It wouldn't be surprising for something of this year's election to eventually find itself into the work of the politically aware Alison Saar, who will speak on Tuesday and Wednesday as part of this year's Visiting Artists Lecture Series at EWU, SFCC and the MAC. While Saar's work is politically self-aware, her creations are rooted in the personal, which then branches out into something akin to allegory.
From a recent show at L.A. Louver gallery, for example, Saar's "Brood" is a fiberglass figure atop a rickety tower of children's chairs, the remnants of a pomegranate dripping down the figure's legs. It points to the Greek myth of Demeter -- the inconsolable mother of the abducted Persephone -- a timeless allegory about love, loss, coming of age, spirit, sustenance, and the dualistic nature of life and learning. We can, on a personal level, identify with the loss of loved ones or perhaps the loss of fertility that comes with age, yet we can also identify with the powerful Mother Earth figure.
Saar's work is wonderfully accessible, yet otherworldly too, often invoking both a gut reaction and a mental sigh of satisfaction. Greek mythology informs her work, but so do Egyptian mummies, Chinese frescoes and the Pre-Columbian and African art that were part of the conservation work of her father, Richard Saar. Her love of art history and her dogged pursuit of learning landed her a job in a Los Angeles gallery at age 18. At nearby Scripps College, she studied African and Caribbean art, contemplating following in her father's footsteps, eventually earning a Masters of Fine Arts from the prestigious Otis Art Institute, where her art career began in earnest.
Saar's mother had an influence on her as well. Betye Saar was a groundbreaking artist -- yet where the elder Saars' work cut into African-American stereotypes (such as Aunt Jemima) to address such things as gender equity and race, the daughter is less explicit, more metaphoric.
"I was living two lives," Saar recalled in a May interview with writer Stuart Low. "In grade school, I was always considered white. At home, I was drawn strongly to African-American culinary traditions and music." Saar, whose multi-ethnic heritage underscores the complexities of "race," adds, "Now those ethnic boundaries are less rigid for me, and also, I think, for a lot of other Americans."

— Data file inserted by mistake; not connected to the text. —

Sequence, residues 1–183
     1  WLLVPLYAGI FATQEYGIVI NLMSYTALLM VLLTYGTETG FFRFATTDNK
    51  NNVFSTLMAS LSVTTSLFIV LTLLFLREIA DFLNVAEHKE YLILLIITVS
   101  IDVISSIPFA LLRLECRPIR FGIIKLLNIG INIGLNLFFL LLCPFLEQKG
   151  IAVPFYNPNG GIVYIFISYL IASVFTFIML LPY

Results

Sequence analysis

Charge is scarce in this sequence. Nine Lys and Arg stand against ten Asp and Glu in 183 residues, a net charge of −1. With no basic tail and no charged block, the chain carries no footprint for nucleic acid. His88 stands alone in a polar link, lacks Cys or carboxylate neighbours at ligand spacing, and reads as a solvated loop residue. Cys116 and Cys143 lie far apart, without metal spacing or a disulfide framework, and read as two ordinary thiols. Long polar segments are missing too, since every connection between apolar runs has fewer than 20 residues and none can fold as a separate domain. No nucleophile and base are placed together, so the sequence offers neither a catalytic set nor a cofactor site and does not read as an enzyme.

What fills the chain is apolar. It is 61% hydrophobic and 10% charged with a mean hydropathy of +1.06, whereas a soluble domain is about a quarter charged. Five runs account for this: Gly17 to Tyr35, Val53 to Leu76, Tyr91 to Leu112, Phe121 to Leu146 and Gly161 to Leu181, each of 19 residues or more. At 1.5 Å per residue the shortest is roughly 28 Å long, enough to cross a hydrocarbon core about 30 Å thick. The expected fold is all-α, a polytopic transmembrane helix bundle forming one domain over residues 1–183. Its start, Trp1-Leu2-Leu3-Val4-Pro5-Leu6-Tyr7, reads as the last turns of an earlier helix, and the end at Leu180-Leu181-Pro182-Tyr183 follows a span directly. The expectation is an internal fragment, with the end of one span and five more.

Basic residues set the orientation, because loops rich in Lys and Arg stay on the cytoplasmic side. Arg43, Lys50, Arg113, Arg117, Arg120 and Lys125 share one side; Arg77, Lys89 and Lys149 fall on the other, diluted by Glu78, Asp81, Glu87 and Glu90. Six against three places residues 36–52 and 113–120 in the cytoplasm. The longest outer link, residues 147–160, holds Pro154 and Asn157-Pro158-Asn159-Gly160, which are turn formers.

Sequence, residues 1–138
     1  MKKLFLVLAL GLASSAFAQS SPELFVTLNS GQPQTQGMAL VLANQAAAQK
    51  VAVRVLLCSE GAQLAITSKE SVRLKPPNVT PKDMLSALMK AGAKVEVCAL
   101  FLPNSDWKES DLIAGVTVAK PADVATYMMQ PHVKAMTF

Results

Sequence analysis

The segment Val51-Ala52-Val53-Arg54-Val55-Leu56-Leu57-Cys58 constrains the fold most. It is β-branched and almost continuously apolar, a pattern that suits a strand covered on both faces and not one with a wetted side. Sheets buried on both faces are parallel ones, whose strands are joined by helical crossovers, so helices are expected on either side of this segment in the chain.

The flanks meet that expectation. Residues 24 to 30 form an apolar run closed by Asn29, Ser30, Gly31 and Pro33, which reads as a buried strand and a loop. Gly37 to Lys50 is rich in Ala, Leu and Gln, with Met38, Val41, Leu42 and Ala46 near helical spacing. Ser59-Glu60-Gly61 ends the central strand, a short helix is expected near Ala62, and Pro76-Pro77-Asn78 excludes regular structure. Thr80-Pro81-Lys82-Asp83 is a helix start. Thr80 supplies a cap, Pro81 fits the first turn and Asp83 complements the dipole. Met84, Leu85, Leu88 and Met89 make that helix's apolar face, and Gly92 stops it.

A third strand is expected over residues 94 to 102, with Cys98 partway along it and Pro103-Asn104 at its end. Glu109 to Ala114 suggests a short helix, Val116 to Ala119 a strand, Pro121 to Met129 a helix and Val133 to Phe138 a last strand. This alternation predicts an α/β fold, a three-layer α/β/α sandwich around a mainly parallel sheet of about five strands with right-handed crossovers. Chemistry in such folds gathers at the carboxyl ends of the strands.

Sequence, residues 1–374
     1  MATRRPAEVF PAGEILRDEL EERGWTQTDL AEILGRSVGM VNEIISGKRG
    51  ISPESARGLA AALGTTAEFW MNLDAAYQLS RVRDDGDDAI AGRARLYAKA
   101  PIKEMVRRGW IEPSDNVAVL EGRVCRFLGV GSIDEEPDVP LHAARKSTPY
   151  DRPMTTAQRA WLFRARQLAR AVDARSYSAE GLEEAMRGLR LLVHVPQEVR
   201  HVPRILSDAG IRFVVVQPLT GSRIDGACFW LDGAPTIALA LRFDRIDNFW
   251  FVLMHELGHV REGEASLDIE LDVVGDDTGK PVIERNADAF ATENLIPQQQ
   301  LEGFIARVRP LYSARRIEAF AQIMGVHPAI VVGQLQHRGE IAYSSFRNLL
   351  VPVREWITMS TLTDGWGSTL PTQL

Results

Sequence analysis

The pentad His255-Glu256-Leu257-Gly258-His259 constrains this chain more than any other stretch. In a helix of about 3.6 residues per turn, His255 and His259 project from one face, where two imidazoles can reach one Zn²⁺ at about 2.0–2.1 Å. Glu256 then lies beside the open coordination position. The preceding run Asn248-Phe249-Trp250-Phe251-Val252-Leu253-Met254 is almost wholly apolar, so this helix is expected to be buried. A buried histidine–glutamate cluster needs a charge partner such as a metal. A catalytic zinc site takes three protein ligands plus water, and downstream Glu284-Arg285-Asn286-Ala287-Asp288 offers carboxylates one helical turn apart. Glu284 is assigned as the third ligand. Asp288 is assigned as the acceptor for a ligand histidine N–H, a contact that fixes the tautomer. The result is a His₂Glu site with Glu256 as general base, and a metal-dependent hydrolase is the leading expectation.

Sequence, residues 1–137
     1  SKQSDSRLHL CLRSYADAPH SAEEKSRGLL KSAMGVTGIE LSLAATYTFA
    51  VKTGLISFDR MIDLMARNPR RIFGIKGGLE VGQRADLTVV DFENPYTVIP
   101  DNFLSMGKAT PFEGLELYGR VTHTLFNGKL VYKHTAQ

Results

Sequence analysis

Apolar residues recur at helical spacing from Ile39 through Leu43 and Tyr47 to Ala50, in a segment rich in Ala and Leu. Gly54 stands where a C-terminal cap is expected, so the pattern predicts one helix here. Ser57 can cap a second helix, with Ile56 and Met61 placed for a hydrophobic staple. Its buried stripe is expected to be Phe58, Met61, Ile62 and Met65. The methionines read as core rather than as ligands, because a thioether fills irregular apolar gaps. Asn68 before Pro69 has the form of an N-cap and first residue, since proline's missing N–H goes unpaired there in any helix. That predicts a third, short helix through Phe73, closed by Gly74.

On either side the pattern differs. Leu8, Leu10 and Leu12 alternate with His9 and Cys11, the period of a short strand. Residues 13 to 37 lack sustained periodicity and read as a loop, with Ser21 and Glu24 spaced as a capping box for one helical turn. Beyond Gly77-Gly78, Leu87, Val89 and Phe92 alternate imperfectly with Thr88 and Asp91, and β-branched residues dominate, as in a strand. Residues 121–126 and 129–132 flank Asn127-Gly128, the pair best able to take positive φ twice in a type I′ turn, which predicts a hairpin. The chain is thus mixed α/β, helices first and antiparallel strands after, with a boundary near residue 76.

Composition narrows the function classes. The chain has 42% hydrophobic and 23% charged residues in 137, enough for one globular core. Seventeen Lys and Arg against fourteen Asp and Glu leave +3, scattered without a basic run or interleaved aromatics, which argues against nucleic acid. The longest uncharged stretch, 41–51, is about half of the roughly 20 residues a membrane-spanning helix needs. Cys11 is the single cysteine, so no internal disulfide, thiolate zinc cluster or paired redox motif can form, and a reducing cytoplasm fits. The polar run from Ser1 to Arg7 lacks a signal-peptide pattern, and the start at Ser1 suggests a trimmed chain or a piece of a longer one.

That tendency to appeal to the universal can be seen in Saar's 2006 commission for the Harriet Tubman sculpture in southern Harlem, not far from where Saar was artist-in-residence at the Studio Museum. A grim-faced Tubman strides forth, her face streamlined yet familiar. Her skirt is carved in low relief with faces, as well as symbolic items like locks, a shackle, bottles, the sole of a shoe, while behind her the dress morphs into a trail of thick-limbed roots. The sculpture -- which is inscribed, "Let my people go" -- does not face north where freedom lay for many whom Tubman helped in the Underground Railroad. Instead it faces south, suggesting that there is work still to be done, whether it's something small and singular, like casting a vote, or something monumental, like leading a nation of people on a journey toward hope.
Allison Saar will speak at EWU's Art Department Auditorium in Cheney on Tuesday, Oct. 21, at noon and at SFCC's SUB, Rooms A-B, at 7 pm; and at the MAC, 2316 W. First Ave., on Wednesday, Oct. 22, at 11:30 am. Free. Call 533-3035.